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UT Clinic a Boon for Travis County's Uninsured

The University of Texas has opened a health clinic for the uninsured in Travis County, generating a training ground for nursing students and replying to a growing demand in the community.

People's Community Clinic "is bursting at the seams, and they have to turn away lots of patients," said Dr. Lisa Doggett, clinic director and a former doctor at People's, Austin's largest freestanding clinic for the needy. "This will be good for People's and good for the community."

Most of the patients of the UT Family Wellness Center are referrals from nearby People. Patients can come to the clinic at 2901 N. Interstate 35 for the whole thing from a checkup to treatment for diabetes, and they pay on a sliding scale. They make appointments by calling 232-3900.

Run by UT's nursing school, the clinic opened in April but was slow to get off the ground as it quickly lost its director. After Doggett took over in July and UT classes started last month, patient loads have more than doubled, to about 70 a month, Doggett said.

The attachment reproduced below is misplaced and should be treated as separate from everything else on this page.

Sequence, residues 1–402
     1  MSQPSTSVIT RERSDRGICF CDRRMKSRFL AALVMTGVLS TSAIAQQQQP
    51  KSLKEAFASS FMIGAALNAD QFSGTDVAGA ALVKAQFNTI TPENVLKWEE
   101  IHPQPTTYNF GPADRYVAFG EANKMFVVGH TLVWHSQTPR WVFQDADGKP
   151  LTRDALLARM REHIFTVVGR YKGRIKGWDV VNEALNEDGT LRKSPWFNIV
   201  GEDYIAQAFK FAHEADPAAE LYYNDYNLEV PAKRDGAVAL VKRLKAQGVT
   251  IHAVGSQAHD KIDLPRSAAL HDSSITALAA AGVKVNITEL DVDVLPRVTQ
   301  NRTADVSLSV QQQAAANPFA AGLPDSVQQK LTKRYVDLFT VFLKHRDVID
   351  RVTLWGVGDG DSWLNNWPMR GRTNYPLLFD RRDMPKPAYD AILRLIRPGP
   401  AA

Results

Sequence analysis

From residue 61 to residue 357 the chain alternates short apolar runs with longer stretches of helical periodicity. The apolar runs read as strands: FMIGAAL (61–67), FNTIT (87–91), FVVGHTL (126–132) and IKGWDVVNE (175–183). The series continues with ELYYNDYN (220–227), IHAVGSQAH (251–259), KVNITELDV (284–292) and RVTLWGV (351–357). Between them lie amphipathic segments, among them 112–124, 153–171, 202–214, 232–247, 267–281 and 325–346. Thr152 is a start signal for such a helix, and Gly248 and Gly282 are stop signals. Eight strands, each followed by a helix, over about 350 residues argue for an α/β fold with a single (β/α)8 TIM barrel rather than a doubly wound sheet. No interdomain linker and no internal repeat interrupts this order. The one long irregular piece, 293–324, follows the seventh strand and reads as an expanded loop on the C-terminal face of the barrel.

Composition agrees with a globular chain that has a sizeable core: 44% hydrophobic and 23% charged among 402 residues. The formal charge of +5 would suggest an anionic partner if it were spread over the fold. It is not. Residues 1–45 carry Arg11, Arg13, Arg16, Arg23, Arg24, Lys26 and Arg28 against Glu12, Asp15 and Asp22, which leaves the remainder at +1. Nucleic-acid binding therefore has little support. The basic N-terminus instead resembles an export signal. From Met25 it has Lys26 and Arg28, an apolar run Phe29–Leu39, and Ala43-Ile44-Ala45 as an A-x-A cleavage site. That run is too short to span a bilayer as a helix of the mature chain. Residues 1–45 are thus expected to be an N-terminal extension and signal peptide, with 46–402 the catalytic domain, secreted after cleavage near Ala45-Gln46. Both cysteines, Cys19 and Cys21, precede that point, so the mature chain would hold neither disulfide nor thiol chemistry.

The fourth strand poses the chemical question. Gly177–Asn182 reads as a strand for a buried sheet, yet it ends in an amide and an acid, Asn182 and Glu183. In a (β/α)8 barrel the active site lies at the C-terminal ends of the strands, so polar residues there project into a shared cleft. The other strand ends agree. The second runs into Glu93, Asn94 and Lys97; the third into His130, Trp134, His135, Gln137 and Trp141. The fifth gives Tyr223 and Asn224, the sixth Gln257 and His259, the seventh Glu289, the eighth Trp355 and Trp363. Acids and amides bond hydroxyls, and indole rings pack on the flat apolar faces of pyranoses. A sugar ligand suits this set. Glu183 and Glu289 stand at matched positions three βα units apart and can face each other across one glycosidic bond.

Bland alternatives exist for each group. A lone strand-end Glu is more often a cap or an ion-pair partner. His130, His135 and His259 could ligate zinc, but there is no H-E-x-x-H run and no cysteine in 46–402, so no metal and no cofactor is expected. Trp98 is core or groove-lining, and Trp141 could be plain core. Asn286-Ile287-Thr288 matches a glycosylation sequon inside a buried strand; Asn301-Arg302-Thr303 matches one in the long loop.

In January, another big change is expected. UT is negotiating with the Austin/Travis County Community Health Centers to become a partner. If the Travis County Healthcare District board approves the partnership, the clinic would be able to treat more patients, including those on government-sponsored Medicare and Medicaid programs.

The partnership would include the nursing school's Children, Wellness Center in Del Valle, which has been open since 1991. David Vliet, CEO of the community health centers, said that if the partnerships approved, officials approximate that the two clinics could get up to 8,000 patient visits next year and more than 13,000 in 2009.

He said, "It gives us an opportunity to provide more primary care, and that's what we're here to do."

For UT, it is also a chance to give hands-on experience to students in nursing and in due course other disciplines such as social work and pharmacy, Doggett said.

She gave a tour of the three examining rooms at the new clinic to Rachel McGee, a 20-year-old junior in a pre-nursing program at UT.

Doggett showed McGee instruments used to check ears, eyes and noses and led her to the small room where Doggett uses a microscope to do patient lab work.

McGee said, "I think it's a great program. I get to see how a clinic is run and see what the rest of my life is going to be about."

 

 

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